VIDEO: Jermain Taylor says he 'made a lot of mistakes,' gets suspended sentence instead of prison

Jermain Taylor, left, walks into court Friday morning alongside attorney Jimmy Morris.
Jermain Taylor, left, walks into court Friday morning alongside attorney Jimmy Morris.

Boxer Jermain Taylor received a suspended sentence in a trio of felony cases the former middleweight champ pleaded guilty to last year, meaning he will not have to serve any time in prison.

The judge sentenced Taylor to 6 years in prison on each felony count and one year on a marijuana charge, but then suspended the sentence. He said Taylor will be allowed to remain free if he stays out of trouble.

"I made a lot of mistakes, I just want to apologize to my state, to my kids and my cousin and my family," Taylor told Pulaski County Circuit Judge Leon Johnson before being sentenced. "I've made some mistakes but I'm trying to come back."

Johnson said Taylor's fame did not impact his decision, but rather testimony from trainers, managers and others on his team who said the boxer had "grown-up" after a stint in jail.

Taylor's suspended sentence will last six years in total because the sentences on each count will run concurrently. He will have to submit to drug screening, Johnson said.

The judge also ordered Taylor to do 120 hours of community service and pay a $2,000 fine plus court costs.

Taylor pleaded guilty in three separate cases where he was accused of shooting his cousin, firing a gun in front of a family at a Little Rock parade and punching a fellow patient at a rehabilitation clinic.

Before Taylor and prosecutors reached a plea agreement to lessen several charges last year, Johnson allowed Taylor to travel to Florida to train under constant supervision.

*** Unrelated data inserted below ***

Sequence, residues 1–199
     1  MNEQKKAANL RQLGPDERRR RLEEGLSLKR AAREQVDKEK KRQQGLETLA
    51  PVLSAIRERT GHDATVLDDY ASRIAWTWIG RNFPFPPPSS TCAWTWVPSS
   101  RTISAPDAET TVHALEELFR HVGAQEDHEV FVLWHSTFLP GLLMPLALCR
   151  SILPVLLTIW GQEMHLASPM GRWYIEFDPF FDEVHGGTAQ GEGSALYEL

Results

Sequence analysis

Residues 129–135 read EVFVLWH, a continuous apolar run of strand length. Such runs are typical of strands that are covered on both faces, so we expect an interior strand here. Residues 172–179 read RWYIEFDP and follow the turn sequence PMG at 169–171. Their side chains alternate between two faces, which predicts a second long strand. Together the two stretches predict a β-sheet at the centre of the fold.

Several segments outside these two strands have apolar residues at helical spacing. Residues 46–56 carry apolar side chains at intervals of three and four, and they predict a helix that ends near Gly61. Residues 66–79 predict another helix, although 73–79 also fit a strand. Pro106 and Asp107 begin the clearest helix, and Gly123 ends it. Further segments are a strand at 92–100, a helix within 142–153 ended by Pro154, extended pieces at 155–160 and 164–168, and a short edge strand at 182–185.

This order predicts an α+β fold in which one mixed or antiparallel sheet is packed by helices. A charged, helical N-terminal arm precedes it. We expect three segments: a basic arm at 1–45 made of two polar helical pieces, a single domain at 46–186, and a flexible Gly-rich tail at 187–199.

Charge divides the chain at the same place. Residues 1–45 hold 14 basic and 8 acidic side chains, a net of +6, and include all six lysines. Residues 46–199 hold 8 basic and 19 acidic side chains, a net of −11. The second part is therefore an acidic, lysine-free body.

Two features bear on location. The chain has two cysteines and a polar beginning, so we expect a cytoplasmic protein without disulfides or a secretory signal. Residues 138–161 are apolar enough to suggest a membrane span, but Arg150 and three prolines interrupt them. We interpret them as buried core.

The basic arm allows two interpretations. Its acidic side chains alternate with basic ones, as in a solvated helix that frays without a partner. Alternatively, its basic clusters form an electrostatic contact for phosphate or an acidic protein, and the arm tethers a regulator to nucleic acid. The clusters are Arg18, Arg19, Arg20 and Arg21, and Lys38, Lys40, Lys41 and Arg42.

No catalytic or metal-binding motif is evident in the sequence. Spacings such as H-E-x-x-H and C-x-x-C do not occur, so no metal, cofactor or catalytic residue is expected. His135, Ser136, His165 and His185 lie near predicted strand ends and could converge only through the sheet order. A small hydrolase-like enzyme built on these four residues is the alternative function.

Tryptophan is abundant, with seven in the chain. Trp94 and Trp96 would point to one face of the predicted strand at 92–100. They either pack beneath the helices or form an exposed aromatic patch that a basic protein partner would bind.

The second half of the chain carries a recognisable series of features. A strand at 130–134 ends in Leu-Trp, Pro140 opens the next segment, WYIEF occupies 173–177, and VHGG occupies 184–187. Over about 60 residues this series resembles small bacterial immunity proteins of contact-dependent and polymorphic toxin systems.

During the hearing Friday, Pulaski County Chief Deputy Prosecutor John Johnson asked for a sentence of 10 years in prison or a "lengthy suspended sentence" if the judge decided against prison.

No victims of the crime spoke at the sentencing hearing, but several were in the courtroom.

Johnson, the prosecutor, said they each had different reasons for not offering testimony.

Three lawsuits have been filed by victims against Taylor, who is broke, his attorneys said.

Multiple witnesses spoke on Taylor's behalf, describing how Taylor became addicted to drugs and alcohol, while ignoring their attempts to help get the boxer's life and career back on track.

Taylor's longtime trainer Pat Burns said Taylor has not failed a drug test in eight months of training in Ocala, Fla. The boxer is in "tremendous condition," at 172 pounds, Burns said, and plans to fight again as soon as possible.

Check back for updates and read Saturday's Arkansas Democrat-Gazette for full coverage.

Jermain Taylor through the years

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